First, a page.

Chaos at Paris railway station as holidaymakers' trains cancelled
Issued on: Modified:
There was chaos at one of Paris's main railway stations on Sunday as hundreds of holiday-makers found all trains heading for Brittany and the south-west had been cancelled. The SNCF rail company announced a gradual return to normal at midday.
Traffic jams clog the nation's motorways on the last weekend of July, when many French families hed off on holiday, so wise travellers take the train to avoid delays.
But, if their train was due to leave from Montparnasse railway station this Sunday, they were to be disappointed.
All trains, including high-speed TGV's heading for the other end of France, were cancelled because of an electrical failure.
The SNCF rail company sent text messages and emails to customers overnight but that did not stop hundreds turning up at the south Paris station only to find their train was not there waiting for them.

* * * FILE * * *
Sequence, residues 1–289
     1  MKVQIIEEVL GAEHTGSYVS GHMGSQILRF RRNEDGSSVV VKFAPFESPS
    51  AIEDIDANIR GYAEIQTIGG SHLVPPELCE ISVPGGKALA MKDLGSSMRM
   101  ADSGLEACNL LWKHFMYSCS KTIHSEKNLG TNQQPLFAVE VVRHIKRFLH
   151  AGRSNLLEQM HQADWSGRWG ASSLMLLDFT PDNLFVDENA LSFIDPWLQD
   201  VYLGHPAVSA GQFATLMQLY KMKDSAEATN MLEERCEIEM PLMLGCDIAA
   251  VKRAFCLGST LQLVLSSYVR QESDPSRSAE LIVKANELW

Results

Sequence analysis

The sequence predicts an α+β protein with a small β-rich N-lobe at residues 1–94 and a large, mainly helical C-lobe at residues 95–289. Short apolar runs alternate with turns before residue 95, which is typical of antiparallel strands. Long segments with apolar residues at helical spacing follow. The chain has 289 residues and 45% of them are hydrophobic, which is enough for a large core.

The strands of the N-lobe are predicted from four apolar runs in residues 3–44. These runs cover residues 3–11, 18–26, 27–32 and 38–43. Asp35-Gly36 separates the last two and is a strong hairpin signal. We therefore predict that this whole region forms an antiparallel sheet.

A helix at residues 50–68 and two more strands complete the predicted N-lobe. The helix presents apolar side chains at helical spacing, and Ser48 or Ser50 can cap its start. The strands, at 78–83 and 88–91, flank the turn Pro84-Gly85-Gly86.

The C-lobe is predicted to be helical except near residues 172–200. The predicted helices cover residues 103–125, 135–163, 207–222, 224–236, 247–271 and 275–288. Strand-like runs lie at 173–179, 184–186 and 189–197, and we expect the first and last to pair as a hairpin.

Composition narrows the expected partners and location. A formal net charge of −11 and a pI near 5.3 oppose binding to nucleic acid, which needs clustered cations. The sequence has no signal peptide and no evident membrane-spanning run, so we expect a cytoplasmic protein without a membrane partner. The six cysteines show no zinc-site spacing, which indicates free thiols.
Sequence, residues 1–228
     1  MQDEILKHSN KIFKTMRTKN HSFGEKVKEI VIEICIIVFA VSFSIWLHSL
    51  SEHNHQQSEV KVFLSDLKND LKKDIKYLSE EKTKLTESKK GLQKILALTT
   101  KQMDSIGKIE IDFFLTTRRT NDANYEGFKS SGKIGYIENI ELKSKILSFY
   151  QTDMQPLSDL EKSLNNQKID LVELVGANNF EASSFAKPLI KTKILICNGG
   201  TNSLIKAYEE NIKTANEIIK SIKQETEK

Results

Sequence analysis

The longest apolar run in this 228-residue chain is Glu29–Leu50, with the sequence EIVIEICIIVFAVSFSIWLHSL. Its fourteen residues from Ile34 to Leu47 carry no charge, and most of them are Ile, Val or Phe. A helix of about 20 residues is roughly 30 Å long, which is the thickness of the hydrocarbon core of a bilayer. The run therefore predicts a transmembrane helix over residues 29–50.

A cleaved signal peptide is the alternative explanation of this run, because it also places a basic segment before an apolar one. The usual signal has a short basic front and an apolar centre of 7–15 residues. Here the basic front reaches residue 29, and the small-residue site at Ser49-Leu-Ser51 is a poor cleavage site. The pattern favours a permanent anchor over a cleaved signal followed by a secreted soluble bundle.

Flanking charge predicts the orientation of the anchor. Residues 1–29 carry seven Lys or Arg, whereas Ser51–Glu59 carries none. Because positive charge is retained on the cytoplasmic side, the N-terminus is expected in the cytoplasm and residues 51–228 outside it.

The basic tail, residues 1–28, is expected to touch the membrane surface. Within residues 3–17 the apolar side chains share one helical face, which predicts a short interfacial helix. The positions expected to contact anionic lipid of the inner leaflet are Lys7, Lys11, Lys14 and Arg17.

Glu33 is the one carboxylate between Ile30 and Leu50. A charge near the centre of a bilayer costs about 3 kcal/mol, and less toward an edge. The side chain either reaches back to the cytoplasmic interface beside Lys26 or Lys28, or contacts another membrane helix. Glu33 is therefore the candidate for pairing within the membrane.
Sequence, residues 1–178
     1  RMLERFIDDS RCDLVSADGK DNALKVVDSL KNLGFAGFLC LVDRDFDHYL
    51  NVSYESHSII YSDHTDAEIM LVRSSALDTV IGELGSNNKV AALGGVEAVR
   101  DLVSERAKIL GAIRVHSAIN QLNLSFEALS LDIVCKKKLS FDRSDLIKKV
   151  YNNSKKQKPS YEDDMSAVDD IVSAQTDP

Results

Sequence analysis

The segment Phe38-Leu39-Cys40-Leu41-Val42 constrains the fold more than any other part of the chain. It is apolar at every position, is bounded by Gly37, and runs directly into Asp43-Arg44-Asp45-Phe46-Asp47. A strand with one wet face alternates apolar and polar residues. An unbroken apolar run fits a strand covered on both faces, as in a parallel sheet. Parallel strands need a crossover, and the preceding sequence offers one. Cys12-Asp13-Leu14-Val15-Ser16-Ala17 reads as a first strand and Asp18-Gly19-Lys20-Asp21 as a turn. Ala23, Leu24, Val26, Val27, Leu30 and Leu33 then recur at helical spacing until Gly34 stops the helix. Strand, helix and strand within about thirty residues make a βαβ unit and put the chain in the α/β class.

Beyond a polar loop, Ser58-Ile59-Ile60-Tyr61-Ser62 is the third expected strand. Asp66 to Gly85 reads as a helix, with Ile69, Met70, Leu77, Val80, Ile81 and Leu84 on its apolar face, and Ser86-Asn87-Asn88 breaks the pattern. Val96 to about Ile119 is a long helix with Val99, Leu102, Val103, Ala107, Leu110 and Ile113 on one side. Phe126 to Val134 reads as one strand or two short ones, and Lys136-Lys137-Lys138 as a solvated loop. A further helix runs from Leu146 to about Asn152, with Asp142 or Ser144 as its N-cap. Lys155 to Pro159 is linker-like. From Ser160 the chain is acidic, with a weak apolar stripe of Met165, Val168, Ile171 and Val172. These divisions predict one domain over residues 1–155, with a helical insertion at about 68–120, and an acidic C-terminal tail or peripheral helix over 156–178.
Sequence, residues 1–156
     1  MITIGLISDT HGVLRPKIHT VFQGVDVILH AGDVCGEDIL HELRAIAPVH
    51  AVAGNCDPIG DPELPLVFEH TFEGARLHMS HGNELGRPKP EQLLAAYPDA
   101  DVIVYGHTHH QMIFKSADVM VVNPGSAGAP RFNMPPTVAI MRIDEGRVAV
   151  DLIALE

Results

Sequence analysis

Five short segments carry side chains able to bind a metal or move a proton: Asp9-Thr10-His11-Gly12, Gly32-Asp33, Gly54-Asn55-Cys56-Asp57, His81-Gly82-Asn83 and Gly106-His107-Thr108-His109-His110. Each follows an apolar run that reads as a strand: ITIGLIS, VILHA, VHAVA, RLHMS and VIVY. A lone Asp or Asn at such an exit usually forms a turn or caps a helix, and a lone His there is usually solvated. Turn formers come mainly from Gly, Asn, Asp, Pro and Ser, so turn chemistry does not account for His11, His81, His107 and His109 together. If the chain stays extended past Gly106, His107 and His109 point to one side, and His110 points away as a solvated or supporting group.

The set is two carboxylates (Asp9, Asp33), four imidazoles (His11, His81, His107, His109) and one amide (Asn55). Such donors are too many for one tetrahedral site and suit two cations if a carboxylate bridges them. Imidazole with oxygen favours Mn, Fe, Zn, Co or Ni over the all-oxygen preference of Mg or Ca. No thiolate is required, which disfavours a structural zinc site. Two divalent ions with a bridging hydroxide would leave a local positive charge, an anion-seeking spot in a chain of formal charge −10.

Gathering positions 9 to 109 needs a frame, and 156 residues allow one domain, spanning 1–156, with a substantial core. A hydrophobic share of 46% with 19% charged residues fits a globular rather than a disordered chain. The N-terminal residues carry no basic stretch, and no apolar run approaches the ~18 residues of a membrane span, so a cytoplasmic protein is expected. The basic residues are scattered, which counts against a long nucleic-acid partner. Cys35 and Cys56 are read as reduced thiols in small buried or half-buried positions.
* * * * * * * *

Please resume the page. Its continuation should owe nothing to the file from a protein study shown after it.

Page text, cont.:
To make matters worse information screens were blank and, despite technicians working all night, the origin of the problem had not been found on Sunday morning.
At about midday the SNCF announced a "very gradual" return to normal but added that many trains would be leaving from other Paris stations for the rest of the day.
Another electrical fault caused disrupted services at Montparnasse station on 17 July.
Meanwhile, road traffic was flowing more freely on Sunday than on the previous day, although monitors warned it would still be fairly heavy.
There were 610 kilometres of traffic jams at 12.15 on Saturday, meaning long delays for many motorists.
They could, however, console themselves with the fact that the figure was lower than last year's 688 kilometres.
Weather forecasters predicted storms, with hail, strong winds and lightning, in central France on Sunday.
The six departments covered by the warning were Ain, Isère, Loire, Haute-Loire, Rhône and Haute-Savoie.
The fires that ravaged much of the south were under control or out on Sunday, with the blaze in Biguglia on the island of Corsica expected to be under control by the evening.
Daily newsletterReceive essential international news every morningSubscribe